Another exhibit at the Pavilion showcased a Chiller Doctor @ SLEB Smart Hub. With the use of Artificial Intelligence (AI), the Chiller Doctor is able to identify when chillers are malfunctioning, diagnose the point of fault, and recommend remedies.


Improving maintenance through automation

One company that drew the crowd’s attention was LionsBot – the demonstration showcased the use of actual robots for facility management. These locally made robots eases labour demand by performing routine hygiene and cleaning tasks.

The robots complement the roles of existing cleaning staff as the machines take on the manual labour, while the staff act as supervisors for the robots. Should it be necessary, however, the robots can also be fully automated to work alone, or as a team. They’ll even dock and charge themselves, without needing human guidance.

Facility managers can control the robots’ behaviour through a customised app, downloaded right to their smartphone. LionsBot can hold basic conversations with you, and is an entertainer in its own right – performing cute motions and singing songs, with eyes that are lit-up.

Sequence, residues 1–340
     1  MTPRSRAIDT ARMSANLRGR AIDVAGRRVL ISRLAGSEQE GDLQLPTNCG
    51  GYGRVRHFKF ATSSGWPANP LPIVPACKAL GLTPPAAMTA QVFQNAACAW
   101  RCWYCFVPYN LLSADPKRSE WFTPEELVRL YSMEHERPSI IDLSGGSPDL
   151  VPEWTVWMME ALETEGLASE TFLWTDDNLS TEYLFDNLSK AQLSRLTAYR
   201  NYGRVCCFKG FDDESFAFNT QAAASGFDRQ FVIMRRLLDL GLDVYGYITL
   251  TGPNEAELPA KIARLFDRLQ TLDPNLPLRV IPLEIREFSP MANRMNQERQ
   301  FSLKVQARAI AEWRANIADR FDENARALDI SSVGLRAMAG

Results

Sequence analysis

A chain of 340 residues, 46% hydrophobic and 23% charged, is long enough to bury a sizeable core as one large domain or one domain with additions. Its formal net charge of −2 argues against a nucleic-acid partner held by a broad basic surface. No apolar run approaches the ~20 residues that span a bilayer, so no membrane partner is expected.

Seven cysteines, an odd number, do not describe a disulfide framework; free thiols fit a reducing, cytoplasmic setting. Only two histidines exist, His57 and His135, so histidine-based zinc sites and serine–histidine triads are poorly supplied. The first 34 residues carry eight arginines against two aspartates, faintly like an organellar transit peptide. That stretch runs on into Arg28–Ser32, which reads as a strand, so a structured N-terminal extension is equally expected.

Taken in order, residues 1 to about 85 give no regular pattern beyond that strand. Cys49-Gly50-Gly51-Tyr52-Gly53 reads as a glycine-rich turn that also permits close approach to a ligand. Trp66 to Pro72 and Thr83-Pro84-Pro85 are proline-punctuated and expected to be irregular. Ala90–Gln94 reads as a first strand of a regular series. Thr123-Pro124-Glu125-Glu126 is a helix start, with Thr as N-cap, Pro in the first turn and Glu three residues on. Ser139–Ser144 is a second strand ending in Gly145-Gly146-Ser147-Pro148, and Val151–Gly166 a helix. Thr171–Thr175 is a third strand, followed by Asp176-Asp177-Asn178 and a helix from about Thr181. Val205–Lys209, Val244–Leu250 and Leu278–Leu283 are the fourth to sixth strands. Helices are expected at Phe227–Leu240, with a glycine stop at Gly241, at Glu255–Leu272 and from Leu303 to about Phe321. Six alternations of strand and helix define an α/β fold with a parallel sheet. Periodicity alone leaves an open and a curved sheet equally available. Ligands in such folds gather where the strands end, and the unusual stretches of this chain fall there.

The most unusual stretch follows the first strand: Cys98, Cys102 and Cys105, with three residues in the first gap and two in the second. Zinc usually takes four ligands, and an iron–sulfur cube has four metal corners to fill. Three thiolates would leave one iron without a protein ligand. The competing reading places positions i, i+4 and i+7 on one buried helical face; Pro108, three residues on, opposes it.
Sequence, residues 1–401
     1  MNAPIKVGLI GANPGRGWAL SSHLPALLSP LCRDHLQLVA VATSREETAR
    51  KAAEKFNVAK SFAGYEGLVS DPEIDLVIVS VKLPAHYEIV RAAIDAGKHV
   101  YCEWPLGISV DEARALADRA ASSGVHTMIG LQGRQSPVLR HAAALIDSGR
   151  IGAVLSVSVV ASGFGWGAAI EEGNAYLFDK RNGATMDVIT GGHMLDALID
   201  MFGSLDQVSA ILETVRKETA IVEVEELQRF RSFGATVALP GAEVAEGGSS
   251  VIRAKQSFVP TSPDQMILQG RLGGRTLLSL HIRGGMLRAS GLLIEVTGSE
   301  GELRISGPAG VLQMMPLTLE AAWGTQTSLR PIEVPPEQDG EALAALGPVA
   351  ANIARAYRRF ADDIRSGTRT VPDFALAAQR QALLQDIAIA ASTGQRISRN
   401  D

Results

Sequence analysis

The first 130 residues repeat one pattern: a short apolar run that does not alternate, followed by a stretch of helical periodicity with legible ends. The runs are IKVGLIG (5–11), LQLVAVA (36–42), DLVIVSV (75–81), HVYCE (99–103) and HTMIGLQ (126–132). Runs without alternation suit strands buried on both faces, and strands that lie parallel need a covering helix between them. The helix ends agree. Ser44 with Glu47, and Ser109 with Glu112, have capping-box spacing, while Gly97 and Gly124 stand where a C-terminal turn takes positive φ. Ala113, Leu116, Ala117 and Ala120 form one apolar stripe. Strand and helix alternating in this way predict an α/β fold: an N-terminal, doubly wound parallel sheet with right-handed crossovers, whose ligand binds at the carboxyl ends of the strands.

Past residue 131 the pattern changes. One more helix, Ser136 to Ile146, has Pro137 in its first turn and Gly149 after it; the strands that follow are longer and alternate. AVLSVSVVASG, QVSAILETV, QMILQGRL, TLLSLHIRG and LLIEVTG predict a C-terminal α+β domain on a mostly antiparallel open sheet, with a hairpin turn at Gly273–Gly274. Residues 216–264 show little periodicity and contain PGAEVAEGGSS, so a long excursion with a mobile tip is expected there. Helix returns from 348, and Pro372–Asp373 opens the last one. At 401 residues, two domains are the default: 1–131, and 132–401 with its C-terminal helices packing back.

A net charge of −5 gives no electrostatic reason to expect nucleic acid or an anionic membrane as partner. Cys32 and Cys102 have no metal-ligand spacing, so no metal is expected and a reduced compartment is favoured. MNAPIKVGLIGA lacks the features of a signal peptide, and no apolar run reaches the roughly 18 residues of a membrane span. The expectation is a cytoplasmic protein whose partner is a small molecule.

Illuminating ideas

Just across from the BuildSG Pavilion, AgilLiteS showcased a range of smart lighting solutions, which seemed almost a direct response to the innovations the Pavilion calls for.

AgilLiteS is part of ST Engineering’s smart lighting portfolio – their technology uses a proprietary wireless mesh sensor network, with a smart control system to maximise the efficiency of lighting. This lowers labour intensity while also saving power.

For instance, when conducting the annual lighting test for buildings (an SCDF requirement), most facility managers manually turn each set of lights on and off to check them. This is incredibly time consuming, as there may be hundreds of lights to check in a single block.

AgilLiteS lighting solutions can check all the networked lights in a building, with a single click of the mouse. The system generates a log showing when the lights were tested, which lights failed, and the cause of failure. All of this can be sent to the manager in charge in minutes, in the form of an Excel spreadsheet.

The lighting system also uses machine learning to provide anticipatory illumination. For example, the system can “learn” that fewer cars enter the parking lot after midnight, and will shut down the lights until a car comes in. This provides large cost savings over time.